Marek Zydowicz festival Director
A rousing reception greeted the opening remarks of the Founding inspiration of the Festival Marek Zydowicz, as he appeared well on the road to recovering his full health. Cinematographers are ideally positioned through friendship to counter the depression of recent political decisions in America and Europe. It has been a year sadly marked by the departure of so many of the World’s greatest cinematographers, many of whom have loyally supported Camerimage, not least Vilmos and Haskell.
Camerimage is alive and kicking and continues to impress. The opening films in main competition established a benchmark in the formidable list picked as contenders. The distinguished Polish cinematographer Pawel Edelman never fails to deliver. His faultless, immaculate cinematography in the opening film, Afterimage, was a fitting tribute to his country’s greatest Director Andrzej Wajda. A reminder of the ruthlessness of the communist regime it is set in Lodz, the spiritual home of Polish Cinematography.
|Opening Gala Concert with Wlodek Pawlik|
The first film to screen on the second day in Main Competition, Lion, was also an emotional roller coaster of an experience leaving not a dry eye in the auditorium. The star performance was given by a five year old Sunny Pawel. If Oscars were given to child actors there would be no contest. Credit to the director Garth Davies responsible for this performance and complementary images from his Australian cinematographer Greig Fraser make this a must-see film.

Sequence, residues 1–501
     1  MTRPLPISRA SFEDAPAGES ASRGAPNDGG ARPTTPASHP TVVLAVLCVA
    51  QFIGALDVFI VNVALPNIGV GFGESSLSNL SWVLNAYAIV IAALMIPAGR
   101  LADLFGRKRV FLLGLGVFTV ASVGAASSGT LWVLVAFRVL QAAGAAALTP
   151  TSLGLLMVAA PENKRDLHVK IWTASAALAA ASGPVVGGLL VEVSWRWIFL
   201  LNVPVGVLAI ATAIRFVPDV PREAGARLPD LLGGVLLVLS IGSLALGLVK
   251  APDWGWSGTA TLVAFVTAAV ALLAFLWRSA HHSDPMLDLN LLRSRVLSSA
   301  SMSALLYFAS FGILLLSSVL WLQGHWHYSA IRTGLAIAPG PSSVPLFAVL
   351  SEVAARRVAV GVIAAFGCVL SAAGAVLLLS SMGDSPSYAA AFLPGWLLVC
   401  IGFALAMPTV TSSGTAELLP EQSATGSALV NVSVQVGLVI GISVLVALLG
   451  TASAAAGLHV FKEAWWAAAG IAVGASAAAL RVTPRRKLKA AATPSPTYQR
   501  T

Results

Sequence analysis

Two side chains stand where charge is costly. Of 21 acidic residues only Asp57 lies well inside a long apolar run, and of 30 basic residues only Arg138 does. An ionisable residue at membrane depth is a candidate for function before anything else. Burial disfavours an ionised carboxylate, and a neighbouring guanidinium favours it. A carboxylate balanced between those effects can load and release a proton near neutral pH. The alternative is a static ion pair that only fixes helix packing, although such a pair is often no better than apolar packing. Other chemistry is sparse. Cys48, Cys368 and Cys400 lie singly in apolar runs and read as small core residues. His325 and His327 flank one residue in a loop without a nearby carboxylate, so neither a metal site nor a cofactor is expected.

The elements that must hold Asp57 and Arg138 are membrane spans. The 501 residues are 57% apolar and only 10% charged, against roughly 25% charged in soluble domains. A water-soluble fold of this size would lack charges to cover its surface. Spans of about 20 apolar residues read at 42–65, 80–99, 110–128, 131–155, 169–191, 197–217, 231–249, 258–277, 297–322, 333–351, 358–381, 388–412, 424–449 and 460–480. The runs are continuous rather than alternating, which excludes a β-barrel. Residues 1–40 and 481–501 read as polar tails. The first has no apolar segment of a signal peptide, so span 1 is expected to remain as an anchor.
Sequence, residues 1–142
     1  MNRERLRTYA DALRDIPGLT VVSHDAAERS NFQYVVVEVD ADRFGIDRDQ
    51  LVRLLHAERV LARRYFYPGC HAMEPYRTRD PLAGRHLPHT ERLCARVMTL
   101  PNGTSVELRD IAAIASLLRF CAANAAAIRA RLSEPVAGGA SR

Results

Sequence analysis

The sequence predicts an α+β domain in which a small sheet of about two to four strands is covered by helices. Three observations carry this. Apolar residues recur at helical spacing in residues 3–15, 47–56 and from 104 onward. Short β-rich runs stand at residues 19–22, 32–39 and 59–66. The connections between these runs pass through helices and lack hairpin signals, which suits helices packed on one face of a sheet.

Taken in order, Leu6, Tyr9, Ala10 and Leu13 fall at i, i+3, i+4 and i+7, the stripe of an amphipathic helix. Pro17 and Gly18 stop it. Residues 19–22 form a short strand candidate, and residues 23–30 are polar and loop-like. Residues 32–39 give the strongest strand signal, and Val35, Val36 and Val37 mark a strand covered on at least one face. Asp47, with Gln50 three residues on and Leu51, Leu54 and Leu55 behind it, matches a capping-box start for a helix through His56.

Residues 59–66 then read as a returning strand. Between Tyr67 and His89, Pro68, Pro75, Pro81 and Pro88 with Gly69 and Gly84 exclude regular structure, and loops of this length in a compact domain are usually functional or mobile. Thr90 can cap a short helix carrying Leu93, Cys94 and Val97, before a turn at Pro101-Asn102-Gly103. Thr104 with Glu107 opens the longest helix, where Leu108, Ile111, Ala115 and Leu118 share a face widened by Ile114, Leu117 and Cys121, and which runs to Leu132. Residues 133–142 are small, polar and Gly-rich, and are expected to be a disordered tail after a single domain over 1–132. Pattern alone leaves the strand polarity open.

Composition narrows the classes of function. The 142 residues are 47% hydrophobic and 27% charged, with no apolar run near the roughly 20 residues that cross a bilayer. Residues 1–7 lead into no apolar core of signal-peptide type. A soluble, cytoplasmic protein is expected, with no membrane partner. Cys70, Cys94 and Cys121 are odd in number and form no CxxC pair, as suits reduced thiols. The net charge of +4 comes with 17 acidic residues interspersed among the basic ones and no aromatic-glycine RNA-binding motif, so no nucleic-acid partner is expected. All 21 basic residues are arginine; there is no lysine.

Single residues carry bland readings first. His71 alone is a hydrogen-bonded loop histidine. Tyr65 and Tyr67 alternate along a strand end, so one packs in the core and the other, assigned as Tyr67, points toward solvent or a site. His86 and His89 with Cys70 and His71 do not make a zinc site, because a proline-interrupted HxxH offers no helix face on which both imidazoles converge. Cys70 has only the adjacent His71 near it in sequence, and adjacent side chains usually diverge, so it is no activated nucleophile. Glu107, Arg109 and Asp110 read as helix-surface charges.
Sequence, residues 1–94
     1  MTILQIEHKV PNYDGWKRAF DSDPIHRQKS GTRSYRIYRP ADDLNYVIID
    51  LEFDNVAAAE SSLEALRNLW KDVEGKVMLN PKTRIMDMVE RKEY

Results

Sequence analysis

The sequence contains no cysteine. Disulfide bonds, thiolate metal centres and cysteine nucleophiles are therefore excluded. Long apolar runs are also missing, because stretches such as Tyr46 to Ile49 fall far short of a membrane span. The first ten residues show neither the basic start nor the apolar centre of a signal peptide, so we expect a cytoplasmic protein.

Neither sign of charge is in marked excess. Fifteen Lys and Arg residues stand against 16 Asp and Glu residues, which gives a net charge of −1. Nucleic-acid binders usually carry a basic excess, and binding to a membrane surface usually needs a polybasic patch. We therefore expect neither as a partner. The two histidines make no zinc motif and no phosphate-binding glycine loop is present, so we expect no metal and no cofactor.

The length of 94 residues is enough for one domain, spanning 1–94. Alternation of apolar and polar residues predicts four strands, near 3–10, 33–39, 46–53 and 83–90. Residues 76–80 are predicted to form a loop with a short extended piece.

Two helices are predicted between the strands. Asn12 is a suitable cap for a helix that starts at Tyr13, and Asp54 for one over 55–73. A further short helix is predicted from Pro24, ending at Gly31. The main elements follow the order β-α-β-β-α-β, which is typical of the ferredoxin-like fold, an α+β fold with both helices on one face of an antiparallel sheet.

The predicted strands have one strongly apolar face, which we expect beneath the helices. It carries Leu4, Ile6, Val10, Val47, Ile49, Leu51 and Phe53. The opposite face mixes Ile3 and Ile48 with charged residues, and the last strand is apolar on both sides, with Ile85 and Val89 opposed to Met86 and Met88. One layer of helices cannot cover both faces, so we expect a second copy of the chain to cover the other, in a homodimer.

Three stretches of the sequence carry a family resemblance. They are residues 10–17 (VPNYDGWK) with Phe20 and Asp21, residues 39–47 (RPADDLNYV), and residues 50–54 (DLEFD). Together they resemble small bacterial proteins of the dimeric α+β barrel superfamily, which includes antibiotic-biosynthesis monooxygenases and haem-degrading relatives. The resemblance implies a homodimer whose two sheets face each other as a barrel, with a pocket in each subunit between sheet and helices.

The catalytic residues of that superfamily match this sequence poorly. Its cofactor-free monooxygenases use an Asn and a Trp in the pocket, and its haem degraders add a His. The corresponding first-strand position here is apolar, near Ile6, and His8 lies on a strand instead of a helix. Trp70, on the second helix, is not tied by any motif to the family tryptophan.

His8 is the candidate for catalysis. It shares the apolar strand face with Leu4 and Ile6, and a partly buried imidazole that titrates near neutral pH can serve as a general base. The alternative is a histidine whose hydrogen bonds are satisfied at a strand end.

Who else but Vittorio Storaro could so dominate a Camerimage programme for almost a day. He followed a morning panel appearance on a Technicolor Panel with a customary two and a quarter non-stop discourse on Digital Cinematography. It was masterly of its kind, finally addressing the digital dilemma that the art of preserving image capture on digital technology still may not stand the passage of time. Earlier in his discourse he compared cinematography to archaeology, music, painting and literature as the art form of the recent century. The unsolved issue was addressed well but not convincingly towards the end. At least he returns to Italy secure in the knowledge that his earlier masterpieces on film are secure for future generations. The profession should be grateful to Professor Storaro.
One of the pleasures in attending Camerimage for so many years has been to see the Festival grown and prosper commensurate with improvements in the quality living standards of the country and its people. The country has a spring in its step. The quality and enthusiasm for Camerimage is infectious. No other art form has anything to compare and all lovers of film, especially students, should be thankful to the organisers, volunteers and sponsors without whose generosity, dedication and support Camerimage would not exist.
Nigel Walters BSC Vice President